Circuit Breaker: How can HR support employees?

Starting 7 April, there will be a 'movement restriction' across Singapore for at least one month

Circuit Breaker: How can HR support employees?

Last Friday (3 April), Prime Minister Lee Hsien Loong announced that Singapore will implement additional safe distancing measures to minimise movement and curb the spread of COVID-19.

From 7 April to 4 May, Singapore will observe a ‘Circuit Breaker’ that will see the closure of most workplaces, all schools and non-essential businesses.

The measure is intended to further reduce the number of workers who need to travel for work, said Ministry of Manpower (MOM). However, they noted that in the last few weeks, there has been a ‘significant reduction’ in human traffic as employers ramped up remote-working arrangements following stricter enforcement.

READ MORE: 5 simple ways HR can support remote workers

As the new measure is a “big adjustment” for employers and employees – professionally and personally – HRD put together a quick summary and what leaders can do to manage the drastic change.

What is a Circuit Breaker?
A restriction of movement across Singapore. Only essential businesses are allowed to stay open during the period of the measure – from 7 April to 4 May. The situation will be monitored closely and there may be an extension, if necessary.

What businesses will be affected?
Only essential businesses will remain open – these staff are allowed to go into office.

Essential businesses:

  • Healthcare and social care services
  • Food retailers, supply and delivery, including supermarkets
  • Energy, petrol, and gas services
  • Water, waste and environmental management
  • Public and private transport services, and logistic providers
  • Information and communications services
  • Security, facilities management, and critical public infrastructure
  • Manufacturing, pharmaceutical and biomedical science
  • Banking and finance, insurance and asset management
  • Repair services, such as electricians, plumbers and mechanics

What will be closed:

  • Schools – To fully shift to home-based learning. Parents working in essential services can approach schools for help
  • Most workplaces
  • Attractions – All venues, like theme parks, museums and casinos will be closed
  • Sports facilities – Places like swimming pools and gyms will shut
  • F&B or Restaurants – Dine in service not allowed. Only takeaway and delivery allowed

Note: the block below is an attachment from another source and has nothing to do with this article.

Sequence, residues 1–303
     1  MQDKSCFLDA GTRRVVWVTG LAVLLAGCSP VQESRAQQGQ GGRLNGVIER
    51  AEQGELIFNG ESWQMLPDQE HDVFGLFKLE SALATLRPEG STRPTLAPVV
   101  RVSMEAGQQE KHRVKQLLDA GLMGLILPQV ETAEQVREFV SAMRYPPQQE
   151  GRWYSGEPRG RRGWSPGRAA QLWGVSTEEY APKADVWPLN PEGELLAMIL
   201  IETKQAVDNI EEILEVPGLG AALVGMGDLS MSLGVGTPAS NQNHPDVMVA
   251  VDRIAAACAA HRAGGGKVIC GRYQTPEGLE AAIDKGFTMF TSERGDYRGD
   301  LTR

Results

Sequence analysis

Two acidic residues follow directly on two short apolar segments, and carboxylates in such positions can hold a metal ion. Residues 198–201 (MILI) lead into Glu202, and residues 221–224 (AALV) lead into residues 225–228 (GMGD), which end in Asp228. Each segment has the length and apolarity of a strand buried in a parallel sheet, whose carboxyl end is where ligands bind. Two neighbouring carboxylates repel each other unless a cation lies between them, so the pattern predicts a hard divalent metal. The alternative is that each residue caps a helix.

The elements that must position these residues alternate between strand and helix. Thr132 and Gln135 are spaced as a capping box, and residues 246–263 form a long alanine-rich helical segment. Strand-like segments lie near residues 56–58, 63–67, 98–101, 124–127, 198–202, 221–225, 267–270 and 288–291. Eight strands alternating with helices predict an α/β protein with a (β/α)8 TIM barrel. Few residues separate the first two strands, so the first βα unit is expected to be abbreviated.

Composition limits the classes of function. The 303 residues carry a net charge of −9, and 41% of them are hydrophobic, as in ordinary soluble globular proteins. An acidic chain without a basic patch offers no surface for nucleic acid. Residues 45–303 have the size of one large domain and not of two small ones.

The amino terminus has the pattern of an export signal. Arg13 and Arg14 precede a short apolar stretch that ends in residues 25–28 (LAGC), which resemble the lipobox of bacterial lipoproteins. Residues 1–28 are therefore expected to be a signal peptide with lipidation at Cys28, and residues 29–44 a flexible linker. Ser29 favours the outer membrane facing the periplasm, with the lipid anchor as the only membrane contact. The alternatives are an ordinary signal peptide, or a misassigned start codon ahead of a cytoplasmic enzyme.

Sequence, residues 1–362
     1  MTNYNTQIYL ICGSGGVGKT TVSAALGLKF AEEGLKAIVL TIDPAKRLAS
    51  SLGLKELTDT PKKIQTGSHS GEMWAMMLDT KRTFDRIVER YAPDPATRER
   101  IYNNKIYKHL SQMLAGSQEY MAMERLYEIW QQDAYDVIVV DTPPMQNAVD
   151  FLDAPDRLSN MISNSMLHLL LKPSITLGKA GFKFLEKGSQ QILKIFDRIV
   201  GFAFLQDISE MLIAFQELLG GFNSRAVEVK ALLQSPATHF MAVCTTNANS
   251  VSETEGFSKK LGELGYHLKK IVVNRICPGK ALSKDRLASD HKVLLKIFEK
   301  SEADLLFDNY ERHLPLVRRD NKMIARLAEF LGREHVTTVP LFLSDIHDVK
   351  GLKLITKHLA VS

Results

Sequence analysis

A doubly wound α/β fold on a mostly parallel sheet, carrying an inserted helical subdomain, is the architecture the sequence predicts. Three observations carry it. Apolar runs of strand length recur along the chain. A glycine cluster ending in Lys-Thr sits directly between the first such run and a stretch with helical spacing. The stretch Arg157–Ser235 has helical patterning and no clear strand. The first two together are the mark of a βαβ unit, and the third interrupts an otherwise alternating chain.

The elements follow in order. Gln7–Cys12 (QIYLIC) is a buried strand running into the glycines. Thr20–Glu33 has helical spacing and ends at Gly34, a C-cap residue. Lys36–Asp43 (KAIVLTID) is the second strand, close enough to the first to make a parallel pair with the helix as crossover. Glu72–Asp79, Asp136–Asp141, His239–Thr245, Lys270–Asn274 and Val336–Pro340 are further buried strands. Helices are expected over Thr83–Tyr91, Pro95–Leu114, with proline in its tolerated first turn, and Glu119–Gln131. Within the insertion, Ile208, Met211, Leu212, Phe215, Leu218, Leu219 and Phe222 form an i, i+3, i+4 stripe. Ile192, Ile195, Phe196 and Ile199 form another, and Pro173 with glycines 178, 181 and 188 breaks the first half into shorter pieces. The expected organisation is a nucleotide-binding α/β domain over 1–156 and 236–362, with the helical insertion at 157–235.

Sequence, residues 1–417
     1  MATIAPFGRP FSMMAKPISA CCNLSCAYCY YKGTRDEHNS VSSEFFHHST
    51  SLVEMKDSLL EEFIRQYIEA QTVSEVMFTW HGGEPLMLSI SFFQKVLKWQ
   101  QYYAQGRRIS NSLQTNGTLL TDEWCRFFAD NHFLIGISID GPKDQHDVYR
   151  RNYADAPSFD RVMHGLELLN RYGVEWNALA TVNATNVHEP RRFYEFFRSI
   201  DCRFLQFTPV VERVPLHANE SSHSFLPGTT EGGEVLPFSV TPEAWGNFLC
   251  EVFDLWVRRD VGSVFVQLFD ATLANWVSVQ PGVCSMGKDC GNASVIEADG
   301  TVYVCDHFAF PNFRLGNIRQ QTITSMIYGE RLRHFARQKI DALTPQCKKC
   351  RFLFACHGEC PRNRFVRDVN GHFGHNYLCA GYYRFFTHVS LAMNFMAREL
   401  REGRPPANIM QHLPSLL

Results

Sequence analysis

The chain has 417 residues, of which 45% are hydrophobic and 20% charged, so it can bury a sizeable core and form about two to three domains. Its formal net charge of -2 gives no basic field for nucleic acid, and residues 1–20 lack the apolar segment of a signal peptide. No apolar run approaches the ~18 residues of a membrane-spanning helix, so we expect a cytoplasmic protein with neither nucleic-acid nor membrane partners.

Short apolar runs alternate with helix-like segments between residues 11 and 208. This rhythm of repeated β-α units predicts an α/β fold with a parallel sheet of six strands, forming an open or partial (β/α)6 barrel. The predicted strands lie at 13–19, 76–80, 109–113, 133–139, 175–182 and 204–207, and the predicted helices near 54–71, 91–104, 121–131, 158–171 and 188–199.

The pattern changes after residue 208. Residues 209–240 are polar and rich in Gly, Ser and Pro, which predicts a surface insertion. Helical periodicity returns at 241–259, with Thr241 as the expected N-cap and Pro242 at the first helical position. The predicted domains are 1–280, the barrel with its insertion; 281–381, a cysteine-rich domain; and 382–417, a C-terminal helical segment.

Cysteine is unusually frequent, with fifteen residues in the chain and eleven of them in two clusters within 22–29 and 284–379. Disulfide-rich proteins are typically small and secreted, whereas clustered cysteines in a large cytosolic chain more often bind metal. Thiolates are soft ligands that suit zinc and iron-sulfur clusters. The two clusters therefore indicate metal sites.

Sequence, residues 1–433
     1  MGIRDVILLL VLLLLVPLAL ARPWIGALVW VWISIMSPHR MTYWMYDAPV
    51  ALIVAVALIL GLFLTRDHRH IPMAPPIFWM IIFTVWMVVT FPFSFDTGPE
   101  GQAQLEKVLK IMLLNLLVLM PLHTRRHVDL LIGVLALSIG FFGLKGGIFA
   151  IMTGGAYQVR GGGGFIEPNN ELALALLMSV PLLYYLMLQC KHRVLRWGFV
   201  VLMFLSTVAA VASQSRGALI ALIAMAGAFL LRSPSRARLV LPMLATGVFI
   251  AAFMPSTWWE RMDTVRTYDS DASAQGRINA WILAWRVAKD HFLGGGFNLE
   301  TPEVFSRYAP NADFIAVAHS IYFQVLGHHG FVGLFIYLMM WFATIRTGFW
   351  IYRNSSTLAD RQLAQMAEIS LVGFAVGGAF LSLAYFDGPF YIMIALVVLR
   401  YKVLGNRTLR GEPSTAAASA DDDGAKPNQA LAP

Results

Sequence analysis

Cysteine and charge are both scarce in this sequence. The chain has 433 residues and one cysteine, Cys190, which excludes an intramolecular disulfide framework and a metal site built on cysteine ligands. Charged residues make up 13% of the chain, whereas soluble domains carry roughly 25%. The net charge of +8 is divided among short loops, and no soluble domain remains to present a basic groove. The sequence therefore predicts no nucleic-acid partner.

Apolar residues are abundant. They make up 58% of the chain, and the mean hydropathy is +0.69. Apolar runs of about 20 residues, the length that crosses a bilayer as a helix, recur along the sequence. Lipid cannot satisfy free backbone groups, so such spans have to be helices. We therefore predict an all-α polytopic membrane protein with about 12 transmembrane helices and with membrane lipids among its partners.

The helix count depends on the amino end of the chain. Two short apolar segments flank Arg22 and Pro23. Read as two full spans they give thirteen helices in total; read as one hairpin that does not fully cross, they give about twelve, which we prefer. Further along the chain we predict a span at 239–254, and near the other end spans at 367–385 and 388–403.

MOM officers will begin enforcement operations from 7 April to ensure that only businesses that are exempted from the suspension are operating from their workplace premises.

READ MORE: MOM penalises firms for safe distancing lapses

How can employers help?
Individuals are also advised to stay at home as much as possible, and should only go out for essential grocery shopping, daily exercise, or taking away food. Social contact should be confined to immediate family members living in the same household.

Since the announcement, employers and individuals have been advised to prepare ahead for the month-long restriction. MOM urged employers to plan and carry out duties or tasks that must be performed at the workplace premises before the measures come into effect on Tuesday.

For employees who cannot work from home or at their workplace premises, employers should work out with them clear salary and leave arrangements, based on the principle of shared responsibility.

Such arrangements should take into consideration the government support for wages and any subsidies for training.

"With people staying away from workplaces, students on full home-based learning, and everyone following tighter safe distancing rules, the new cases should gradually slow down, and we should get into a better position,” PM Lee said in a post.

“But for the circuit breaker to be effective, everyone has to cooperate and comply with the restrictions. Please stay home.

“If you must go out, please practise safe distancing. And remember to maintain good personal hygiene. The health of us all depends on the actions of each of us.”

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